Meet the nuns keeping Spanish sweet-making alive

In a cool, marble-floored convent in Ronda, Andalusia, a cluster of nuns in floury habits are rolling sugary almond dough into cocktail-sausage-sized sweets. They’ve made 20 trays of 35 today, but 700 represents only a fraction of the 1,000kg they need to make by Christmas, when people will come from all over Spain to buy bags of them.

The uncannily holy-looking light shining through a high window onto the rolling table in front of them suggests they might be getting some divine help. There’s no rest for the wicked, but there’s no rest for the pure either. This convent of Franciscan nuns – also known as the Order of the Barefoot Franciscans – has been making “sweeties”, as they cutely call them, for centuries in this small, cobbled Spanish town, which is also famous for its majestic views down the hillside.

Until very recently, they did so behind closed doors. The sweet-toothed might have travelled miles to buy them, but they had to wait outside when they arrived. At the door, visitors are met by a menu of artisan sweets and a wooden-shuttered hatch that swings open to reveal something like a confessional lazy susan, with the sweets and payment swinging round one after the other.

Next to the menu is a blessing: Concede a quien llega tu alegria, a quien mora tu Paz, a quien sale tu Bendicion (‘Grant to those coming through this door your joy, those dwelling your peace, and those departing your blessing’). Yet while the nuns wish for your joy and peace, they haven’t wished to share the secrets of their sweet-making until now, when this particular convent has finally opened its doors, a bit like Willy Wonka’s chocolate factory to those with a golden ticket. But so far only one man has been inside and he isn’t Charlie Bucket.

José Pizarro, London’s most popular Spanish chef, found the convent last year and wrote asking for special permission to visit. “I knew that nuns made the best sweets in Spain, because they have been refining the recipes for centuries,” he says. “But I didn’t realise, at first, how secret the whole process is – I was rejected by seven other convents before I found this order. I have huge respect for them because, with fewer nuns in Spain, authentic sweet-making is a dying art and they want to keep the recipes alive. You can’t get anything that’s even close to the traditional best in the UK and the Spanish factory versions aren’t good, either.”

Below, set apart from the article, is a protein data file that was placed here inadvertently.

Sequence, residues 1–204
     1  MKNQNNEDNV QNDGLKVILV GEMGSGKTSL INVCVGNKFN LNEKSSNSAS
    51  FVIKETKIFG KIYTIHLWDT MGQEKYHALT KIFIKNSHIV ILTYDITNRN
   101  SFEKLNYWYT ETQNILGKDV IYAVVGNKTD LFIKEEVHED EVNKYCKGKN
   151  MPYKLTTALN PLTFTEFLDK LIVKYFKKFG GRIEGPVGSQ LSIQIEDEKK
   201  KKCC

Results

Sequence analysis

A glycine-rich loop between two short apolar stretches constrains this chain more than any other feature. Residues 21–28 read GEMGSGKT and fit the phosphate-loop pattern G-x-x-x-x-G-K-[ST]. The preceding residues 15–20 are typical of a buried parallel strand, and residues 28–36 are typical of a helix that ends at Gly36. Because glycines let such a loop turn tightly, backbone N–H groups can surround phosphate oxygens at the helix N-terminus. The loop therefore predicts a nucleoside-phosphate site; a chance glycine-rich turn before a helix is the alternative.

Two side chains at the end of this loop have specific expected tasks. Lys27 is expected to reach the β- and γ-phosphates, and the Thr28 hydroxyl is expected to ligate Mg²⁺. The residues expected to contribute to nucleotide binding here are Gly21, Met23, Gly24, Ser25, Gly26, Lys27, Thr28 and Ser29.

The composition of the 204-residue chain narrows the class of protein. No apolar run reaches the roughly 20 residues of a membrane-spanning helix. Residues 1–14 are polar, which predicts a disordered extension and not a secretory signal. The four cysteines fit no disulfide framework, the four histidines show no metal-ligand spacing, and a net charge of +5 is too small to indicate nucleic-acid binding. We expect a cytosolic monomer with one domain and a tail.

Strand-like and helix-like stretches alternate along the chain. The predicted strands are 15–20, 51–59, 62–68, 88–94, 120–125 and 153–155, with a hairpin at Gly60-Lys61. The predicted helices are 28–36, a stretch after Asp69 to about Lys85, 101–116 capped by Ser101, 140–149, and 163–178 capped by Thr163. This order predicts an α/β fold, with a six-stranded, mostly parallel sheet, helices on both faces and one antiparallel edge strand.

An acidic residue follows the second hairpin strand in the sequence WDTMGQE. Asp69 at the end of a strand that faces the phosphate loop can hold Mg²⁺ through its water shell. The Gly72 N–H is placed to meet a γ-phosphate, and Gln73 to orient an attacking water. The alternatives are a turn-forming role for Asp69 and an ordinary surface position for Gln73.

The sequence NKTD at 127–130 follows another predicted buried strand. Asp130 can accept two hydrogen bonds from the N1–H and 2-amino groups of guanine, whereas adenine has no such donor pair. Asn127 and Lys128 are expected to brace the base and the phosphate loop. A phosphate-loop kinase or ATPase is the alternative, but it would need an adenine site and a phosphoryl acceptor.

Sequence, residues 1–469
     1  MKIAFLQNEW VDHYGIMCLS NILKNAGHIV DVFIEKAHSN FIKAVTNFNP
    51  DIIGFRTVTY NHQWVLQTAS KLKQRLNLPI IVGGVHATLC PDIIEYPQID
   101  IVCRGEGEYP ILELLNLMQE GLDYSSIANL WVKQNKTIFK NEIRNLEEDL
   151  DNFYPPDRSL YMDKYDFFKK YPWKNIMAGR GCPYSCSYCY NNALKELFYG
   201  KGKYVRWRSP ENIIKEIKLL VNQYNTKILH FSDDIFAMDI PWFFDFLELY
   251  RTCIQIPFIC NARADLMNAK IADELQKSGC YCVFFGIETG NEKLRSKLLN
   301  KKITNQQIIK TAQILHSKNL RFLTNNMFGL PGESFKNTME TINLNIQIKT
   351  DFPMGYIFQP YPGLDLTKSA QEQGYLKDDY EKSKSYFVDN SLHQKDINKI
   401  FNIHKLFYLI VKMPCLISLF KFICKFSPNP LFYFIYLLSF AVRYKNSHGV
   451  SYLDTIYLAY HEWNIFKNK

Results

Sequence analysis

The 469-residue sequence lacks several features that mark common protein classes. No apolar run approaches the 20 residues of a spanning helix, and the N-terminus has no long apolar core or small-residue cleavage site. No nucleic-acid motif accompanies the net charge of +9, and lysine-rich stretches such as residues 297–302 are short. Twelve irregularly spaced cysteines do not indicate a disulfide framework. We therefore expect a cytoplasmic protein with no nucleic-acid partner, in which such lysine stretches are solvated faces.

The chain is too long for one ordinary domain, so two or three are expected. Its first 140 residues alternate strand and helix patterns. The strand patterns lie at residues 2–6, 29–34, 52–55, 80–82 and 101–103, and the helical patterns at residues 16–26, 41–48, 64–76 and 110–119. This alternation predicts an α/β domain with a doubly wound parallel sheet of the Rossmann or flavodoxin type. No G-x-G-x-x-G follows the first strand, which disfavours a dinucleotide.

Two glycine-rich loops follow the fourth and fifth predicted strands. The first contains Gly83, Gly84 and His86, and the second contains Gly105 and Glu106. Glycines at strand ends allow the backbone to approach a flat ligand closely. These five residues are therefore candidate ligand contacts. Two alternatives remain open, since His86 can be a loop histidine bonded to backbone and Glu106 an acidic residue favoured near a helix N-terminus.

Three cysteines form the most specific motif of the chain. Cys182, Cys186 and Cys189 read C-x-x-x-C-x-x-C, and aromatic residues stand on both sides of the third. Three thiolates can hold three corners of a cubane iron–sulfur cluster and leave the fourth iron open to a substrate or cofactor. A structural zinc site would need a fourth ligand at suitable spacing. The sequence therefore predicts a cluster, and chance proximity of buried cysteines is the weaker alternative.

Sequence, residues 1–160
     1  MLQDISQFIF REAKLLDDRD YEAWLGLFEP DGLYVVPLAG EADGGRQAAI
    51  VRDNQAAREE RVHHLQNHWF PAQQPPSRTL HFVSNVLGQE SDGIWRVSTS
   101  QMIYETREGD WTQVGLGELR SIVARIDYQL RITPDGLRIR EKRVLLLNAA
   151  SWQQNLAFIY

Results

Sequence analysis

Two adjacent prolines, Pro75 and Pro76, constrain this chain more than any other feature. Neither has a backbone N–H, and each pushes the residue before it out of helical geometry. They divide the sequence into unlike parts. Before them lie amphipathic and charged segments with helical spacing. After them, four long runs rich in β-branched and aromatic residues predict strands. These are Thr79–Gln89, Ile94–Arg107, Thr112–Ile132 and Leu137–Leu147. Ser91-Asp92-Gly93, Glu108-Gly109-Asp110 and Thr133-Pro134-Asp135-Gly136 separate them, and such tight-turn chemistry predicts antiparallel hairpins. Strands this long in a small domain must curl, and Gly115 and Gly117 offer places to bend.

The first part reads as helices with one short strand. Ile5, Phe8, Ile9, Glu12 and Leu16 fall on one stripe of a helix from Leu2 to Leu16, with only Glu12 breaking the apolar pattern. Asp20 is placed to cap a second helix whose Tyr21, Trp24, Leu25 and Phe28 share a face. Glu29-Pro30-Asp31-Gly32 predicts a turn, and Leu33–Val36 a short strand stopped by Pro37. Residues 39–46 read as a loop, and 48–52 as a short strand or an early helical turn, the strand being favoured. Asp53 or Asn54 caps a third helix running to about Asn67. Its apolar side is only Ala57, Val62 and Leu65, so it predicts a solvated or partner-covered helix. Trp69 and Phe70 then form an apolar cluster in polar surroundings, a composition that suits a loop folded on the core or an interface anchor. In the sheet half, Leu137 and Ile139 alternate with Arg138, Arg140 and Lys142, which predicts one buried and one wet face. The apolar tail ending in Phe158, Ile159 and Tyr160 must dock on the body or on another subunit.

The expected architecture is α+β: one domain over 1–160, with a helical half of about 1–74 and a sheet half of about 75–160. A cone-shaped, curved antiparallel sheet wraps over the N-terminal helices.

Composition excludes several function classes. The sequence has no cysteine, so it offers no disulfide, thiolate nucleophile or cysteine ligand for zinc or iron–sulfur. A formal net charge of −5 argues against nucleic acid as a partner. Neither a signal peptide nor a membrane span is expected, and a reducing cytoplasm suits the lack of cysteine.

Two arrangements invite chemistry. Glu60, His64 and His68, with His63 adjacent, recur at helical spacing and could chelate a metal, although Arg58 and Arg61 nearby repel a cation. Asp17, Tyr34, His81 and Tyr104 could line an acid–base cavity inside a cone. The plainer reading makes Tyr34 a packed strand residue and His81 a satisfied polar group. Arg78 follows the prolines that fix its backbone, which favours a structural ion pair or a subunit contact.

After flying to Malaga, we pick up a car and drive up through dry hills and olive groves to Ronda, which is around an hour and a half away (it’s also less than two hours from Seville). In the barrio de San Francisco we ring a bell outside a tall, green-and-black gate and are buzzed rather modernly (given the convent has stood here since 1664) into a small, pink-tiled square that smells gorgeously of honeysuckle. Across from the plants that grow at the gate is the entrance to the nuns’ private quarters. Stepping inside when you know the public haven’t been allowed in for hundreds of years feels like an extraordinary privilege.

Pizarro’s been given special permission to bring me inside, but anyone can come into the square to buy sweets, visit the chapel (the nuns sit opposite the normal congregation in a fenced-off area like exotic birds) and, for the first time, stay within the convent’s walls in a new five-person apartment. “Nuns are in decline,” Nieves, the 74-year-old mother superior, tells me, looking over the top of slim oval glasses, “so modern nuns are entrepreneurial nuns.” The accommodation is first come, first served, and around €50 a head, but it’s perhaps the closest you’ll get to staying at an Airbnb run by nuns, who are delighted by the new faces when we arrive.

“Are you married? Do you have a boyfriend?” they ask, when they see me. They can’t believe how blonde I am, given their hair is always covered by their habit and usually dark anyway, and I can’t believe how small they are, with the head of the oldest, a 4ft 89-year-old called Natividad, coming up to my hip. She’s been living here for almost 70 years and knows how much it’s changed. There were 18 nuns here when she joined aged 21 in 1950 and now there are seven. “There are fewer believers now; fewer people want this lifestyle,” she says.

She wasn’t sure at first herself. “When I was young I didn’t know what to do with my life,” she says. “I asked myself whether I wanted to be married, whether I wanted a house and children, but I felt the words of the church were getting into me. I heard God and decided that I should become a nun. My mother wasn’t happy as my sister was a nun, too, and she thought one in the family was more than enough, but she came round in the end.”